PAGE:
- Nonprofit grants. There are several nonprofit organizations that offer grants and scholarships to help alleviate the costs of caring for a child with special needs. Common ones include Action for Autism, The Arya Foundation, The Different Needz Foundation, My Life Without Limits and Wheelchairs 4 Kids. If you’re in the Houston area, talking with financial planning firms in Houston that specialize in helping families with special needs children can help you identify programs.
3. Save for Your Child's Future
There are often lifetime costs to plan for when raising a child with special needs. However, saving for your child’s future can decrease their chances of qualifying for government aid.
What should you do in this catch-22 situation?
Accounts like 529 ABLE and a special-needs trust may help.
- 529 ABLE. These accounts work similarly to a 529 college savings plan (read our tips for new parents), but the money can be used for any disability-related or education-related expense. The best part? This account doesn’t count toward your child’s SSI eligibility as long as the total balance is under $100,000.
- Special-needs trust. For high-income earners, an ABLE account can give you a jump-start on securing your child’s future. But a special-needs trust can offer even more opportunity to save without jeopardizing your child’s government benefits. There are many different types of special-needs trusts: First-party, third-party, pooled, stand-alone, etc. With so many from which to choose, there’s bound to be one that fits your situation. Talking with financial planning firms in Houston can help you choose the best for your specific situation. Special-needs trusts can be more complicated than ABLE accounts, so working with a financial advisor you trust can help you choose the right account and help you set it up.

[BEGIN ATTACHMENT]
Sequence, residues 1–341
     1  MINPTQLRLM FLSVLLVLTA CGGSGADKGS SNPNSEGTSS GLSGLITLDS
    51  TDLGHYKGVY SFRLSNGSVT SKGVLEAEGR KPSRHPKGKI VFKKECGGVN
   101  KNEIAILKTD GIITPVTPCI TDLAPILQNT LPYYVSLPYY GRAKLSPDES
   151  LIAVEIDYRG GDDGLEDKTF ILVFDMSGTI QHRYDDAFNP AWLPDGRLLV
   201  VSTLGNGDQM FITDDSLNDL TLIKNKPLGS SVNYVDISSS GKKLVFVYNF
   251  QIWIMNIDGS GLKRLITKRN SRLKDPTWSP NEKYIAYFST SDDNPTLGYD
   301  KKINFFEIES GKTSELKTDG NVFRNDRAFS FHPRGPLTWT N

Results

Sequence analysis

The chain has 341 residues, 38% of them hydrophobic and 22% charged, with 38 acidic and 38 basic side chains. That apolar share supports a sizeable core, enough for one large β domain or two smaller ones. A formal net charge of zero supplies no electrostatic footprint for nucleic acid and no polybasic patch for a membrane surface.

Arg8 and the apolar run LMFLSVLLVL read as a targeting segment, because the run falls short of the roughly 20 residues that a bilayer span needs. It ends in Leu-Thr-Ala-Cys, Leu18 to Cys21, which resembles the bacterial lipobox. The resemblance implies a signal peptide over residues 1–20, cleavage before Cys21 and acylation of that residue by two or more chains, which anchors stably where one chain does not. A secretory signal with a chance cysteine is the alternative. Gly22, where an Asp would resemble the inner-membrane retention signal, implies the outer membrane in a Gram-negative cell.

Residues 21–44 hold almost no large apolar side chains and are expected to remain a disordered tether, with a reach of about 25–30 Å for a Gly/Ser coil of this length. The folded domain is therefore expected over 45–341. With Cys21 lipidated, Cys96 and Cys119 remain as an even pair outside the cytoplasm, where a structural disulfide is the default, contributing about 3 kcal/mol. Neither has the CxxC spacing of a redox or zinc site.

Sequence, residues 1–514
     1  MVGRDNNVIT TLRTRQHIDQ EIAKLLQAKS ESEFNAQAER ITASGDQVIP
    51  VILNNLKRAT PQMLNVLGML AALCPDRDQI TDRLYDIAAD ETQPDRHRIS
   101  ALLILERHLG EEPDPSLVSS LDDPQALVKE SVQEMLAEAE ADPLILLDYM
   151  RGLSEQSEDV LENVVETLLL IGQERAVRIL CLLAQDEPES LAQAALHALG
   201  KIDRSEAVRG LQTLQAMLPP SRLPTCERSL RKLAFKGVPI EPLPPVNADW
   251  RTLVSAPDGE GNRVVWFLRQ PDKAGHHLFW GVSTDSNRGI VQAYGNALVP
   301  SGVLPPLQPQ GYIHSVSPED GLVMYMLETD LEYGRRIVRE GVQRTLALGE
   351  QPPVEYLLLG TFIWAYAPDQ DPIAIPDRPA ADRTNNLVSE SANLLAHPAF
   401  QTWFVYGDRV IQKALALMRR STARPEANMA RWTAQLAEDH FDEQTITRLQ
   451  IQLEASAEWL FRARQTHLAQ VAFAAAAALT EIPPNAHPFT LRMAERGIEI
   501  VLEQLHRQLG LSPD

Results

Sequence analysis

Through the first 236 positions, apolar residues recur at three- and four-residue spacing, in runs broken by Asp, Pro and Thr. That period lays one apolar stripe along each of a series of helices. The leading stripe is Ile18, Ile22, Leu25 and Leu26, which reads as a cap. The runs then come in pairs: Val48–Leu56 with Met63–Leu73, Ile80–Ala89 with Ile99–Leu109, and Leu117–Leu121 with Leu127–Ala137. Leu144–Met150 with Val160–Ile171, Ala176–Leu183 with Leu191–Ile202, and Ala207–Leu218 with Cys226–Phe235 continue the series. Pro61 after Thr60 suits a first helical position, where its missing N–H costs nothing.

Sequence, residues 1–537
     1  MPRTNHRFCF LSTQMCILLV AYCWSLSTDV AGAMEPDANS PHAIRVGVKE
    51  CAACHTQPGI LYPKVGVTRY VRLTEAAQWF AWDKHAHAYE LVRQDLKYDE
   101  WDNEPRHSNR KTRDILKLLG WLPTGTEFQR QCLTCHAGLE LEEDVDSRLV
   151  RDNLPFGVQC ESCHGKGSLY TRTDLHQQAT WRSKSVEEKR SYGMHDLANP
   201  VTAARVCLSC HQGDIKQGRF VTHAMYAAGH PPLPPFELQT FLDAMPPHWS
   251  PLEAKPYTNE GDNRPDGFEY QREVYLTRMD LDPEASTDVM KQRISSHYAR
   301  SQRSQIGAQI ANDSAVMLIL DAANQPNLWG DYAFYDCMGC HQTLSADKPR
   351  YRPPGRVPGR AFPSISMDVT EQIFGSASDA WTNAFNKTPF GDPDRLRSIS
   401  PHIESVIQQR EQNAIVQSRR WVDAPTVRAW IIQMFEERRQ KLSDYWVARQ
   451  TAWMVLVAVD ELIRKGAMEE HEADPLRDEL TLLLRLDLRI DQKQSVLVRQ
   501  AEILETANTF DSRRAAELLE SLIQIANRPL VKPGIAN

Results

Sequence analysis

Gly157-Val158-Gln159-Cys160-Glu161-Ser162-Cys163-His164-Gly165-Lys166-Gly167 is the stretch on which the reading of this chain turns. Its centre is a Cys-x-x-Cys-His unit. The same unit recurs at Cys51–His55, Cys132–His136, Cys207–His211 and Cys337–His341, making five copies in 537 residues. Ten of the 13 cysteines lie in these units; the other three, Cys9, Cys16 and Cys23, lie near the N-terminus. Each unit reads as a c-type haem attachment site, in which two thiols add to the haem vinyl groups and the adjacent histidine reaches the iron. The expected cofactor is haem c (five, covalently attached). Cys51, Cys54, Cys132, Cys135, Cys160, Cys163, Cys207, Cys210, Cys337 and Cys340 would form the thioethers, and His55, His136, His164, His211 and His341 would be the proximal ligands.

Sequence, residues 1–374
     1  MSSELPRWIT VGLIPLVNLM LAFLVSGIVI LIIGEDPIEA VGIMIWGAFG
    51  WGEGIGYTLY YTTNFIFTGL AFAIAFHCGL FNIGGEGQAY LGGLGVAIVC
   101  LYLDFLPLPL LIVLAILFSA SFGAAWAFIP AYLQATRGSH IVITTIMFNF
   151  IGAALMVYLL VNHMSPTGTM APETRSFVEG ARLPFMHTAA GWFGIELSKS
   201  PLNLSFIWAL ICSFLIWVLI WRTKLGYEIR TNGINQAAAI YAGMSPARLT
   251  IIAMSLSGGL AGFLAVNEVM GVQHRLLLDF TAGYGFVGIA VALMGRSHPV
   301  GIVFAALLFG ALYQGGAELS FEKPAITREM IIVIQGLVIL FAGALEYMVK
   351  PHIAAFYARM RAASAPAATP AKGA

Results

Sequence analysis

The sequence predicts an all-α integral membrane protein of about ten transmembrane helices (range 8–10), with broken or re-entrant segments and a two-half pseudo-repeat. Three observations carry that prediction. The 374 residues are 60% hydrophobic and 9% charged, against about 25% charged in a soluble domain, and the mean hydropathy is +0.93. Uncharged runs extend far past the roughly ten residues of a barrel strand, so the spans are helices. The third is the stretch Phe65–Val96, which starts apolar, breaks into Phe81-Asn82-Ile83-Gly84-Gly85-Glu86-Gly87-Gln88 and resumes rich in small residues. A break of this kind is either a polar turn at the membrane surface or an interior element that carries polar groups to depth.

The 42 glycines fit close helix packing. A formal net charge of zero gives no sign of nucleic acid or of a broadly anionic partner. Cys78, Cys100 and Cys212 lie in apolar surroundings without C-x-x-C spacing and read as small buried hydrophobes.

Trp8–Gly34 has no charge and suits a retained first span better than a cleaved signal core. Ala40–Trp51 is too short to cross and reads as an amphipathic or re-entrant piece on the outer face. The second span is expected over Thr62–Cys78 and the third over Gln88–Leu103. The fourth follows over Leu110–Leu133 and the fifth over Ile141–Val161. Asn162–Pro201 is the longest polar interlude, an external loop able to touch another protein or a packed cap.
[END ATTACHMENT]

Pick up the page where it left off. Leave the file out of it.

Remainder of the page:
Tips That Can Help Ensure Your Child is Cared for After You’re Gone
Estate planning is a critical part of the financial planning process. And it becomes even more important when you are planning for the future of a child with special needs.
While the estate planning process typically involves drawing up a will, naming beneficiaries and appointing a trustee or custodian, there are 3 extra key pieces you don’t want to leave out as the parent of a special needs child.
1. Review Your Life Insurance Policy
Due to the lifetime costs of raising a child with special needs, you’ll want to make sure your life insurance policy is the right size to cover your child’s financial needs after you’re gone. A trusted fiduciary financial advisor can help you choose between a whole life or term life insurance policy and help you decide how much you need.
2. Consider Life Insurance for Your Child
Parents often make huge financial sacrifices to care for a child with special needs. If your child passes prematurely, a life insurance policy can help cover the burial costs and help you save for your future retirement.
3. Write a Letter of Intent
No one knows your child better than you. Ensure your family and friends know all the personal details of your child’s routine by writing a letter of intent. Include helpful information such as your child’s personal likes and dislikes, their medical history, your hopes and dreams for them, etc. This document isn’t legally binding, but it can help reassure your loved ones that they’re properly taking care of your child.
How We Can Help
Caring for a child with special needs can be overwhelming. Thinking of the lifetime financial costs that come with it can be even more overwhelming. No matter your child’s age, it’s important to meet with a trusted financial advisor who can help you secure their future and your own.